Trichomonosis is the name given to a disease caused by the protozoan parasite Trichomonas gallinae. It has been recorded in a number of garden bird species and is widely acknowledged to be the causal factor in the rapid decline of the British Greenfinch population that was first noted in late summer 2006. The disease is also known as ‘canker’ when seen in pigeons and doves, and as ‘frounce’ when seen in birds of prey. It has been known as a disease of cage birds for some time.
Greenfinch. Photograph by Jill Pakenham
Greenfinch numbers fell following the arrival of trichomonosis. Jill Pakenham 

Species affected

Although known from pigeons, doves and birds of prey for some time, the disease came to prominence in summer 2005, when it was first noted in British finches. Epidemics of the disease occurred in 2006 and 2007, with smaller scale mortality events noted in subsequent years. Greenfinches and Chaffinches are the species that have been most frequently affected, but the disease has also been documented in other garden bird species, including House Sparrow, Dunnock, Great Tit and Siskin.

Pathology & disease spread

Trichomonas typically causes disease at the back of the throat and in the gullet. Affected birds show signs of general illness (lethargy, fluffed-up plumage) and may show difficulty in swallowing or laboured breathing. Some individuals may have wet plumage around the bill and drool saliva or regurgitate food that they cannot swallow. In some cases, swelling of the neck may be evident. The disease may progress over several days or even weeks.

The trichomonad parasite is vulnerable to desiccation and cannot survive for long periods outside of the host. Transmission is most likely to be through contaminated food or water, e.g. where a bird with difficulty swallowing regurgitates food that is then eaten by another individual. Trichomonas gallinae is a parasite of birds and does not pose a health risk to humans or their mammalian pets.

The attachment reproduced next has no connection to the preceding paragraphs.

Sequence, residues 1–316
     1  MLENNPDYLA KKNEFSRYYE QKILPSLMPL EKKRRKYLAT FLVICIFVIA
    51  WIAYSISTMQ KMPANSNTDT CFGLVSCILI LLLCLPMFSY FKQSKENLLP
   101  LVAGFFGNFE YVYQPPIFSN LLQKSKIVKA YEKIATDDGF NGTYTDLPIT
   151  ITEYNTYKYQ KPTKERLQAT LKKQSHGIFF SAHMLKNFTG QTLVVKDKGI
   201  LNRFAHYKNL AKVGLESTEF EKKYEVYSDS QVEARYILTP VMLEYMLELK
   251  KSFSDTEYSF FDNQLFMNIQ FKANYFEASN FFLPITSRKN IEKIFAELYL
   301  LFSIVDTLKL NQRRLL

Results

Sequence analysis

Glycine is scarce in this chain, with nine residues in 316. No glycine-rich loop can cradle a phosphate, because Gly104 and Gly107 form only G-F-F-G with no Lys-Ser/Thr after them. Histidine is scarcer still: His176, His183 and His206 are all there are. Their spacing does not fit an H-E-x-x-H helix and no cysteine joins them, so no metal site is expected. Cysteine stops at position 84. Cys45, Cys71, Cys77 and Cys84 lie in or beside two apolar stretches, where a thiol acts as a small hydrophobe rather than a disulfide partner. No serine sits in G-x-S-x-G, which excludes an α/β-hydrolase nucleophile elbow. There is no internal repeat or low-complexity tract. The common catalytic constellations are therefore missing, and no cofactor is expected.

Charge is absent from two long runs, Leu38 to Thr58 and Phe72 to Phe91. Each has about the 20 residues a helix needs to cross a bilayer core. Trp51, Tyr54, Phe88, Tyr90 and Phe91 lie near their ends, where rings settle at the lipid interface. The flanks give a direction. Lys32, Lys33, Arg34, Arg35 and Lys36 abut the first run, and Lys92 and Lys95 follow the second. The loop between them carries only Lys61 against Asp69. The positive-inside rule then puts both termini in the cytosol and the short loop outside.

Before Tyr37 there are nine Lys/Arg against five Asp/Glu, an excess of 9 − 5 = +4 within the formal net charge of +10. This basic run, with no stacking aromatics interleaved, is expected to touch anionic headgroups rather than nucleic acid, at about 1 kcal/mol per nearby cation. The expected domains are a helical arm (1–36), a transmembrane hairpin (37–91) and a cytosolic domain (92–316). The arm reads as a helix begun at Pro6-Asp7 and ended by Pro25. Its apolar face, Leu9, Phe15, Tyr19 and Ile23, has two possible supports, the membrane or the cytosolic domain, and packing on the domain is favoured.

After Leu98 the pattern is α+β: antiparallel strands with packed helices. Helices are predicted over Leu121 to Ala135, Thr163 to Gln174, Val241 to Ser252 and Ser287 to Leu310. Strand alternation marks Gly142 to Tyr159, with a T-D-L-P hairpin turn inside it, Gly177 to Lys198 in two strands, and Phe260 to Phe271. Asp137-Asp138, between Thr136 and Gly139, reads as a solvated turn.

BTO researchers, working alongside others involved in the Garden Bird Health initiative, used Garden BirdWatch and other data to establish the impact of this disease on Greenfinch and Chaffinch populations. The results of this work revealed a substantial population decline in those areas where disease incidence was greatest. Find out more about this work and read the paper.

Proportion of GBW gardens with Greenfinch, 1995 - 2006
The sudden loss of Greenfinches from British & Irish gardens during 2006, as revealed by BTO Garden BirdWatch.

What you can do

Follow sensible hygiene precautions as a routine measure when feeding garden birds and handling bird feeders and tables. Empty and air dry any bird baths on a daily basis. Clean and disinfect feeders and feeding sites regularly. Suitable disinfectants that can be used include a weak solution of domestic bleach or other specially-designed commercial products. Carefully rinse all surfaces with clean water and air dry before using. Clean your feeders outside and maintain careful personal hygiene, including wearing gloves and making sure that brushes and buckets are not used for other purposes, as some diseases can affect human and domestic animal health.

Rotate positions of feeders in the garden to prevent the build up of contamination in any one area of ground below the feeders. If you see birds of any species that you suspect may be affected by disease in your garden, particularly if you see multiple sick or dead birds, we recommend that you stop feeding for at least two weeks in order to encourage birds to disperse, thereby reducing the chance of birds infecting each other at your feeding stations. Only reintroduce feeding as long as you are no longer seeing birds with signs of disease, and closely watch for any further signs. If you see further signs of disease, once again stop feeding. We also recommend leaving bird baths empty until no further sick or dead birds are seen.

View a leaflet providing additional background and guidance is available - .

Report disease in your garden

If you wish to report finding dead garden birds, or signs of disease in garden birds, you can do so through Garden Wildlife Health, our online reporting scheme.

Report to Garden Wildlife Health

Chaffinches are in crisis

We urgently need your help to understand why the UK breeding population of Chaffinch has fallen by a quarter in just five years.

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